Return to Work Programs

Published 23 Oct 2017

Safe Work NSW, who takes a leading role in advancing policy to upgrade work health and safety and workers’ compensation policy, has helped create specific rules regarding return to work programs. Primary among them is that all employers must have a return to work program consisting of “formal policy and procedures to help injured workers with their recovery and getting back to work”. The rules require that employers clearly convey the return to work program to workers with attendant penalties if they fail to do so. This consultation with the workers or any union representing them must occur within a year of the creation of the company.

At this point, the regulations bifurcate for category one employers (those who are self-insured, or insured by a specialized insurer and who employs more than 20 workers, or have a basic tariff premium exceeding $50,000 per annum), and category two employers, which are those who do not qualify for category one.

Category One Employers

Category one employers must formulate their return to work program according to the Guidelines for workplace return to work programs. This 43-page document covers extensively the different aspects and requirements of the program. These include sections on the obligations of the employer, worker, insurer, nominated treating doctor, and workplace rehabilitation provider; how to develop a workplace return to work program; preventing occupational injuries and illness; consulting workers and unions; providing suitable duties; returning to work not to disadvantage workers; and return to work coordinators. Category one employers are required to involve a return to work coordinator.

Category Two Employers

These employers are allowed to adopt the standard return to work program, developed by WorkCover NSW. It contains a form in which company details are entered and then posted in locations where employees can readily view it. In this case, the company formulates a general program for supervising different aspects of return to work procedures. Then, for an actual employee injury, the employer comes up with an individual plan tailored to the return to work of the injured employee. A crucial segment of this individual plan is the offering to the worker “suitable duties”, ones that are fitting given the worker’s injury and subsequent capacity to work. WorkCover approved workplace rehabilitation providers and scheme agents/insurers can assist the company with drawing up this individual plan.  Owner builders and companies in which family members are the only employees are exempt from the return to work program requirement.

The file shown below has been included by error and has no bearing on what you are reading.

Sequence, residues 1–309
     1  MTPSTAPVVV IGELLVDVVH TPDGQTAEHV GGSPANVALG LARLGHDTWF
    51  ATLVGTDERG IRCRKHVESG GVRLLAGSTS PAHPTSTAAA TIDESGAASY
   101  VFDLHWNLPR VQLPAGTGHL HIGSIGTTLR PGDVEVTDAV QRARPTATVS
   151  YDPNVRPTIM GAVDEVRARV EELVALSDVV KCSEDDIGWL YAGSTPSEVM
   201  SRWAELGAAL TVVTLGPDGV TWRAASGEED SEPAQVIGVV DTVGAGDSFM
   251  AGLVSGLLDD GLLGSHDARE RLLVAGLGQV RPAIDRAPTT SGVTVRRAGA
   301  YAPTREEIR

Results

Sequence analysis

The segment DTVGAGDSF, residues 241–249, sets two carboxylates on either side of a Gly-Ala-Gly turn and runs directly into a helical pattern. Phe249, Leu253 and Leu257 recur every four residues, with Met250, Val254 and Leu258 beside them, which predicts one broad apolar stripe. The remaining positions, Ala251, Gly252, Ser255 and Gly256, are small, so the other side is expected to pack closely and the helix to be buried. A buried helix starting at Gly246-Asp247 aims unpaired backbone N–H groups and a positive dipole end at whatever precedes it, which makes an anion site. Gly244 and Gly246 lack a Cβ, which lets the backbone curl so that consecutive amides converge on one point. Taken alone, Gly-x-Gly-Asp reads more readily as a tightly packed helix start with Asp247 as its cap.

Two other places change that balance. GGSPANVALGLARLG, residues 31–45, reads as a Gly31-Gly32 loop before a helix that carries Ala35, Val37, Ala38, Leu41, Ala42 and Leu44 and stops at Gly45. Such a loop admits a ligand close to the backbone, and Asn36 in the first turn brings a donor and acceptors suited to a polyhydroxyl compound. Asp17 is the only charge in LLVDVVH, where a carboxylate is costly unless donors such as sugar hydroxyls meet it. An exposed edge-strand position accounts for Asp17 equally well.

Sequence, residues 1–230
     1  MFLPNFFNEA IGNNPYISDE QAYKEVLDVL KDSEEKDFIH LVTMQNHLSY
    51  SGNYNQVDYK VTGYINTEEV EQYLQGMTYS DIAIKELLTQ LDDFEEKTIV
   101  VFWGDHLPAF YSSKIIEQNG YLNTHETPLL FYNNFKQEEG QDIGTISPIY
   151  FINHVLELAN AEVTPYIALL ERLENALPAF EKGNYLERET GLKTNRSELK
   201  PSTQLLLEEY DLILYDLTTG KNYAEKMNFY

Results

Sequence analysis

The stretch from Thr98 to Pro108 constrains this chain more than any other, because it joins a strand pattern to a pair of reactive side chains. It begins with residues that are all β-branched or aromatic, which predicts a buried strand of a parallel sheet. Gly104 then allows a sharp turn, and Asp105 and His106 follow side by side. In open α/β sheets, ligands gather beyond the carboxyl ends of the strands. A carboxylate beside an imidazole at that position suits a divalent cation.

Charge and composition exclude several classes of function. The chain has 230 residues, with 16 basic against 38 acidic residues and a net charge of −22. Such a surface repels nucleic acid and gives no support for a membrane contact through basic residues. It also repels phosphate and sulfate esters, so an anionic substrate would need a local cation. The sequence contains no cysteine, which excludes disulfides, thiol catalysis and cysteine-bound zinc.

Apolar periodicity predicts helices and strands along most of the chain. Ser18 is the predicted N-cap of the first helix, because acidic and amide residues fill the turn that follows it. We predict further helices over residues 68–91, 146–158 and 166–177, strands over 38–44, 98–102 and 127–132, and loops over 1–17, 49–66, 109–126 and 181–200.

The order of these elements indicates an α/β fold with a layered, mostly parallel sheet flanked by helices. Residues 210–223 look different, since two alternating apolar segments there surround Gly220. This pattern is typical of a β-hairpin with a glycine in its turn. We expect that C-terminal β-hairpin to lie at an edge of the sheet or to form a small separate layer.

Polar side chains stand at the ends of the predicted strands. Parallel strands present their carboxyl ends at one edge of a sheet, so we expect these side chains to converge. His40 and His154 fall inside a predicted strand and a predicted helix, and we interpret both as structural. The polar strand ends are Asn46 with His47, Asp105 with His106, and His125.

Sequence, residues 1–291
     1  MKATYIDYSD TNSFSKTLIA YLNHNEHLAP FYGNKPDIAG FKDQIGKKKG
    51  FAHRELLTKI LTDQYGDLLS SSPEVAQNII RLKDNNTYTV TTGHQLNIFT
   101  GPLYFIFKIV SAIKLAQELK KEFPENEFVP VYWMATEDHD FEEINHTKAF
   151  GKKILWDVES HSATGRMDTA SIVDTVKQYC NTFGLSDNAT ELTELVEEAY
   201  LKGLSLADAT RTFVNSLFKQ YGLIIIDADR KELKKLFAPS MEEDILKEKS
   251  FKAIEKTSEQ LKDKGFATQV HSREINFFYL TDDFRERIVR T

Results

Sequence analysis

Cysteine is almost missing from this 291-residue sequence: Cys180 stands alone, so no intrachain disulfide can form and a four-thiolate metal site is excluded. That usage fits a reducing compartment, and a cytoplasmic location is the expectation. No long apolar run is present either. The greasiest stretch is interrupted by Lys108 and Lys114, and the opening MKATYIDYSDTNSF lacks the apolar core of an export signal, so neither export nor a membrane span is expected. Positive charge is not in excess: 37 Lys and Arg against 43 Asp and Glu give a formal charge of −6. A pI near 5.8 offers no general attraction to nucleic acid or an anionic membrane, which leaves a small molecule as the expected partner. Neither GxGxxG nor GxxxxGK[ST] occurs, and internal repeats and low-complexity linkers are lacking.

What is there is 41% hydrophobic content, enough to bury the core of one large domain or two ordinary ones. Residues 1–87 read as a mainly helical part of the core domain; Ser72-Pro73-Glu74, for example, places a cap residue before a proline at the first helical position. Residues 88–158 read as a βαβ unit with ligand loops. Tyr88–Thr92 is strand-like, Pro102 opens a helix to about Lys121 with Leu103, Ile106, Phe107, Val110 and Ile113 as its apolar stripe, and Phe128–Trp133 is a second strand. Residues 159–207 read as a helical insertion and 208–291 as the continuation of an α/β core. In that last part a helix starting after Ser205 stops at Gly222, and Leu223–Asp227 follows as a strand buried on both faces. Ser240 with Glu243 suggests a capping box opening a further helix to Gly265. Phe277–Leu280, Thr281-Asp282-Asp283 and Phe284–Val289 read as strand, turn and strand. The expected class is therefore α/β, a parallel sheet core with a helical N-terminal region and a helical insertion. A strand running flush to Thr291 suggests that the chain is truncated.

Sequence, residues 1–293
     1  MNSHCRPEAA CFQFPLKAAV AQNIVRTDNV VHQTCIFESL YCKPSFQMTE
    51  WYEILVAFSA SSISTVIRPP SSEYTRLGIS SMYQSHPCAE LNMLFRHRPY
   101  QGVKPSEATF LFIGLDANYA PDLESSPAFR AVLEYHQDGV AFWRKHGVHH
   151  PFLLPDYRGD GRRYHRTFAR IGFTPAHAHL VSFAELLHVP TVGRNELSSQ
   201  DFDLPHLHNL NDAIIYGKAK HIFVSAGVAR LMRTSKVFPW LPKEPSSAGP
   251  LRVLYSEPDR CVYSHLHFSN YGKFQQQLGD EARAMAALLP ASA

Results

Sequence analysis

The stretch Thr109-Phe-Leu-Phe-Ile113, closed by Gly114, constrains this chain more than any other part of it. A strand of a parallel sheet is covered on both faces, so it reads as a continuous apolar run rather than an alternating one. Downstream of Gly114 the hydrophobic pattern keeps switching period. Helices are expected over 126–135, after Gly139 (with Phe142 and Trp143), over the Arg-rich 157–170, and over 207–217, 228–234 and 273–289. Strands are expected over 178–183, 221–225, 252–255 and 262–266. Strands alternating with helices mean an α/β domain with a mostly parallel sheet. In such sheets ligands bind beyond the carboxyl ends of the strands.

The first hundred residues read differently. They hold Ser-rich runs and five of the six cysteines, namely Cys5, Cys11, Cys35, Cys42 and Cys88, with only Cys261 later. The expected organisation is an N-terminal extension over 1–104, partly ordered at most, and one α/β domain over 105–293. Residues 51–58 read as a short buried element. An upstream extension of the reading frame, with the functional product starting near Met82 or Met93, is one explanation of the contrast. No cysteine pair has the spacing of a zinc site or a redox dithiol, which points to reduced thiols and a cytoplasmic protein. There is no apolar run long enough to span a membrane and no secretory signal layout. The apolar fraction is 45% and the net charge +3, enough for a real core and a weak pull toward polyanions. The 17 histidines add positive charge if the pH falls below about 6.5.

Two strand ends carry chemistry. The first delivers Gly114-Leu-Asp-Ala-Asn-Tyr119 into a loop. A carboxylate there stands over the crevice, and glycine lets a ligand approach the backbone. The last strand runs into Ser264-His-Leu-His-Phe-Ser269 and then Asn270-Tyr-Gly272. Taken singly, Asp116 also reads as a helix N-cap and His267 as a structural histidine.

Agent/insurers are also required to assist injured workers in their return to work. Similar to the employer, they too must develop a general injury management program followed by a specific individual injury management plan for managing and coordinating the treatment, rehabilitation, and return to work of the worker. The coordination is necessary because the agent/insurer, employer, and doctor must work together to come up with the individually tailored plan.

Injury Management

Some of the key attributes of successful injury management and effective return to work programs include:

  • Systems already in place ensuring that people know what to do in case there is an injury
  • Reporting of a workplace injury to the workers’ compensation agent/insurer within 48 hours
  • Early injury treatment and assistance for return to work
  • Appropriate return to work and awareness that the workplace is a good place for worker recovery
  • Timely payments of medical expenses and weekly benefits

It is comforting to know that Safe Work NSW has taken an effective role in creating work health and safety and return to work programs. However, should you have an issue or problem in this area, please take advantage of a free consultation with Gerard Malouf and Partners, who have over 30 years of experience in insurance, accident and negligence compensation claims.